Archives for September 2010

Blog Hygiene

A friend I’ve known since college has a very strict bedtime preparation routine that he’s followed for many years to help him manage his chronic insomnia. He calls these rituals “sleep hygiene” — hygiene in the sense of consistent practices conducive to health.

“Blog hygiene” is never going to catch on as a social media meme — though heaven knows I’ve tried — but the metaphor is still useful. A few simple blog maintenance measures practiced consistently can make the difference between hosting a vibrant hub of ideas, or a dark and lonely terminus.

The basic components are simple:

  1. A regular rhythm of posts. Daily, twice daily (a.m./p.m), weekdays only — more is not better if it impacts the quality of the content or interferes with higher priorities.
  2. An editorial calendar. Unless you are a professional blogger or community manager whose job it is to ride the “trending topic” wave, focusing on real-time, same-day turnaround posts is too onerous and disruptive. That’s what Twitter is good for. Planning a week’s or a month’s worth of blog post topics, plotting them into an editorial calendar and maintaining that lead time keeps you focused and ensures you have solid, thought-through anchors. You can always add impromptu topics interstitially.
  3. An inventory of completed posts. Time is a tyrant if you’re continually writing for a deadline, or missing one because you don’t have anything in the hopper. Make sure you have three or four “anchor” posts from your editorial calendar queued up at all times. That way if you’re traveling, ill or just too busy to write, you don’t get in the weeds.
  4. Keyword performance monitoring. SEO hygiene warrants its own full discussion, but for the purposes of this post suffice it to say that regular checkups on your keyword performance, then adding, deleting and modifying accordingly, helps keep your SEO humming in the background while you focus on content development.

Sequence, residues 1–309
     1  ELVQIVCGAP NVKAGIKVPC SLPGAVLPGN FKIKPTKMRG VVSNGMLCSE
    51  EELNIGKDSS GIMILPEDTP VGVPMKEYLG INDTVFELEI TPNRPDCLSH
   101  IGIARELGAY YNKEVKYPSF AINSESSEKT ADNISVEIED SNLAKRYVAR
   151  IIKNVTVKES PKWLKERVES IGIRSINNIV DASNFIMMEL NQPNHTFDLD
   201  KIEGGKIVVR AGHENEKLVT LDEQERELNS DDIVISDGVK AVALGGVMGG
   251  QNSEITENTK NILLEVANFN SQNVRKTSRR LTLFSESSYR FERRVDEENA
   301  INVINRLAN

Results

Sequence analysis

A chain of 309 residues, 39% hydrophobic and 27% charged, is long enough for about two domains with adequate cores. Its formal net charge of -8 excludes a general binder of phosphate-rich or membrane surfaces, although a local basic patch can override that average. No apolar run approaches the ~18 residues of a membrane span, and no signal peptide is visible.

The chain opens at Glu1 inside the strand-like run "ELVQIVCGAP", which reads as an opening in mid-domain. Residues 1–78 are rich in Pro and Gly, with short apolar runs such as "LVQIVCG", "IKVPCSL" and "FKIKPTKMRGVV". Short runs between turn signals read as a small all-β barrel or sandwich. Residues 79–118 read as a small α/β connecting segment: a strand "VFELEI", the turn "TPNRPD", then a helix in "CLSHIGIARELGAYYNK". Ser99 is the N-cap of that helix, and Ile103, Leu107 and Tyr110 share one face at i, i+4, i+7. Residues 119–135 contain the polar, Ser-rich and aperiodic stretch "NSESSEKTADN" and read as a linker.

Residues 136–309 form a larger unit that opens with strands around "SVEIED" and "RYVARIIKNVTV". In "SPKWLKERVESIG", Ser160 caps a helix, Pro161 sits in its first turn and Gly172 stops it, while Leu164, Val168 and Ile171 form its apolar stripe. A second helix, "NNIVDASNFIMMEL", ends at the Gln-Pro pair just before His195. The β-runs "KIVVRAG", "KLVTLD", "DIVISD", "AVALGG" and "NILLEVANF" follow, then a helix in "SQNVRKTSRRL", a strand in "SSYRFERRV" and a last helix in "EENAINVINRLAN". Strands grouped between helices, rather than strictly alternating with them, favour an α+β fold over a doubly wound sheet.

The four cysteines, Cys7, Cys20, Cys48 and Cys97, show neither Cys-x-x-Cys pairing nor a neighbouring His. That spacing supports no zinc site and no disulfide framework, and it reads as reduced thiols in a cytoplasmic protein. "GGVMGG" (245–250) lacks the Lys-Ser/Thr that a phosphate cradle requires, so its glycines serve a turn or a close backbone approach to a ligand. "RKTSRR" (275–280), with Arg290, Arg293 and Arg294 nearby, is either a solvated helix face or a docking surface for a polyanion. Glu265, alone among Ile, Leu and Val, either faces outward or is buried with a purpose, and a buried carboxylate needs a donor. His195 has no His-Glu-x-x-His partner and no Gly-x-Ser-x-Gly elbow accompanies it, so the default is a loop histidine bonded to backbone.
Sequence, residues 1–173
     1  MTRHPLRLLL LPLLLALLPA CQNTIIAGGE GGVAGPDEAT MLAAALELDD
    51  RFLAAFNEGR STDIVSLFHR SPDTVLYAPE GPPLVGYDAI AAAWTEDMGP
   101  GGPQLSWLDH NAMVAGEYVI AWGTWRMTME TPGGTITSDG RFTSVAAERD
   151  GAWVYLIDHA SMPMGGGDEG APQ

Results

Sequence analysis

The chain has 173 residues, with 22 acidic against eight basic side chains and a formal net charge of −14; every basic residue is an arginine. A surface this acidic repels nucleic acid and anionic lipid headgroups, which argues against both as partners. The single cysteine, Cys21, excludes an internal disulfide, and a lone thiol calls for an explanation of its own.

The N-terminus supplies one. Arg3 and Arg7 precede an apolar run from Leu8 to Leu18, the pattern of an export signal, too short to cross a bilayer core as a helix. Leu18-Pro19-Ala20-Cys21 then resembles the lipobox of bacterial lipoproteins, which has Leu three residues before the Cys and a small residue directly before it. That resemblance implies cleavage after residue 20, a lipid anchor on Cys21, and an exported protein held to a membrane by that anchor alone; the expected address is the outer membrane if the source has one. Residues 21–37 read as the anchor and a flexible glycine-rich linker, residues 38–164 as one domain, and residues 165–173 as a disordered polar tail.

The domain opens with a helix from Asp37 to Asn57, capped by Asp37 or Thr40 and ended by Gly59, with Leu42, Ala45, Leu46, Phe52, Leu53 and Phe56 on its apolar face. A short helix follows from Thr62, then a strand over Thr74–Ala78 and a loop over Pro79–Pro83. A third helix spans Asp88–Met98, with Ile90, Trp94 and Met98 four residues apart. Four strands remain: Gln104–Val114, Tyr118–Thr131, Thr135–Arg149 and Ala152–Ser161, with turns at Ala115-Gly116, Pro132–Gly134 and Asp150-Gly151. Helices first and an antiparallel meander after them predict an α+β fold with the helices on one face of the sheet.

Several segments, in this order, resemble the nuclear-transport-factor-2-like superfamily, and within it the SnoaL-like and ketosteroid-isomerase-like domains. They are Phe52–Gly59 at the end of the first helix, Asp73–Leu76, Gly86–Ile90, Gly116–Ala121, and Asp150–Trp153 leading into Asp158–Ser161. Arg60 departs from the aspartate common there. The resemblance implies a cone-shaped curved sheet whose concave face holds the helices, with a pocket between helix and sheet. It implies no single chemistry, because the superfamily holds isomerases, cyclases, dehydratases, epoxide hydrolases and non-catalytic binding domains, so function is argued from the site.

5. Brevity. Confining your posts to a few key ideas makes them easier to write and easier to read. If you have a complex topic, or a lot to say on the subject, break it into a series.

Healthy blogs are happy blogs.

Wit and Wisdom: Communicating Your Brand Through Visual Style and Tone

In Amber Naslund’s recent cri de coeur post on 9 Social Media Topics that Need to Die, “Content is King” is #6 on her hit list:

“Like hell. Creating content is not what wins you the prize. It’s not enough to write something, or populate a blog, or create a video. Content is worth precisely ZERO until it’s being found, consumed, and then used to do something. It needs to drive people to action – sharing, buying, building, interacting.”

Stated like a true marketer 🙂

My one corollary to that axiom is that meta-content like style, tone and brand relevance is subject to the same imperatives.

Marcus Roland’s Twitter profile describes his firm, Roland Legal PLLC, as “A virtual Lexington, Kentucky based workers’ compensation law firm — a different kind of law firm for a different kind of world.” The meaning and impact of that positioning statement is immediately evident when you land on the home page of Ouch!, the firm’s blog.

From the logo/title graphic treatment in the banner — part slapstick, part Apple “silhouette people” ad — to the clean, straightforward layout and content, the impression is witty, smart and accessible. Whether you read its posts or not, just scanning the blog makes a distinct impression, fully expressive of the firm’s brand. In this case, the “action” that it “drives” people to is a gut-level decision about whether this is a firm you want to learn more about.

What I admire about Roland’s approach to the blog is that, in addition to its uniqueness, it conveys a clear, integrated approach that animates the firm’s positioning. We’re all familiar with the “we’re tough…we fight for you…we’re passionate…we demand justice” approach to plaintiff law marketing common to most TV ads. Roland’s blog tells AND shows how the firm is different.